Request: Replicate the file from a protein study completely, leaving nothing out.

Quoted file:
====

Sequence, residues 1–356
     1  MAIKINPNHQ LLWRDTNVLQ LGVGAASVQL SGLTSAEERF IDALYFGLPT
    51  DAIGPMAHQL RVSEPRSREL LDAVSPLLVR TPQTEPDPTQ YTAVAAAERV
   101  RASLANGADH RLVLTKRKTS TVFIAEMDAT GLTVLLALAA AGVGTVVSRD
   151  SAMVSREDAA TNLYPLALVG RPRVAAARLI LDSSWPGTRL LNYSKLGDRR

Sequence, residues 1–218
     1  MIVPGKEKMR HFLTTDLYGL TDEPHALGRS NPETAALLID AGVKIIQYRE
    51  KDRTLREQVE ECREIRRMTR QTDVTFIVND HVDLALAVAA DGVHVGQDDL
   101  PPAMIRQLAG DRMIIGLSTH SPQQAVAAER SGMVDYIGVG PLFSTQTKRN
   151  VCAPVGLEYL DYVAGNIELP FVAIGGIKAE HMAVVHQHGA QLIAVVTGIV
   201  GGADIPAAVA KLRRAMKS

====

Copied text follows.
Sequence, residues 1–356
     1  MAIKINPNHQ LLWRDTNVLQ LGVGAASVQL SGLTSAEERF IDALYFGLPT
    51  DAIGPMAHQL RVSEPRSREL LDAVSPLLVR TPQTEPDPTQ YTAVAAAERV
   101  RASLANGADH RLVLTKRKTS TVFIAEMDAT GLTVLLALAA AGVGTVVSRD
   151  SAMVSREDAA TNLYPLALVG RPRVAAARLI LDSSWPGTRL LNYSKLGDRR

Sequence, residues 1–218
     1  MIVPGKEKMR HFLTTDLYGL TDEPHALGRS NPETAALLID AGVKIIQYRE
    51  KDRTLREQVE ECREIRRMTR QTDVTFIVND HVDLALAVAA DGVHVGQDDL
   101  PPAMIRQLAG DRMIIGLSTH SPQQAVAAER SGMVDYIGVG PLFSTQTKRN
   151  VCAPVGLEYL DYVAGNIELP FVAIGGIKAE HMAVVHQHGA QLIAVVTGIV
   201  GGADIPAAVA KLRRAMKS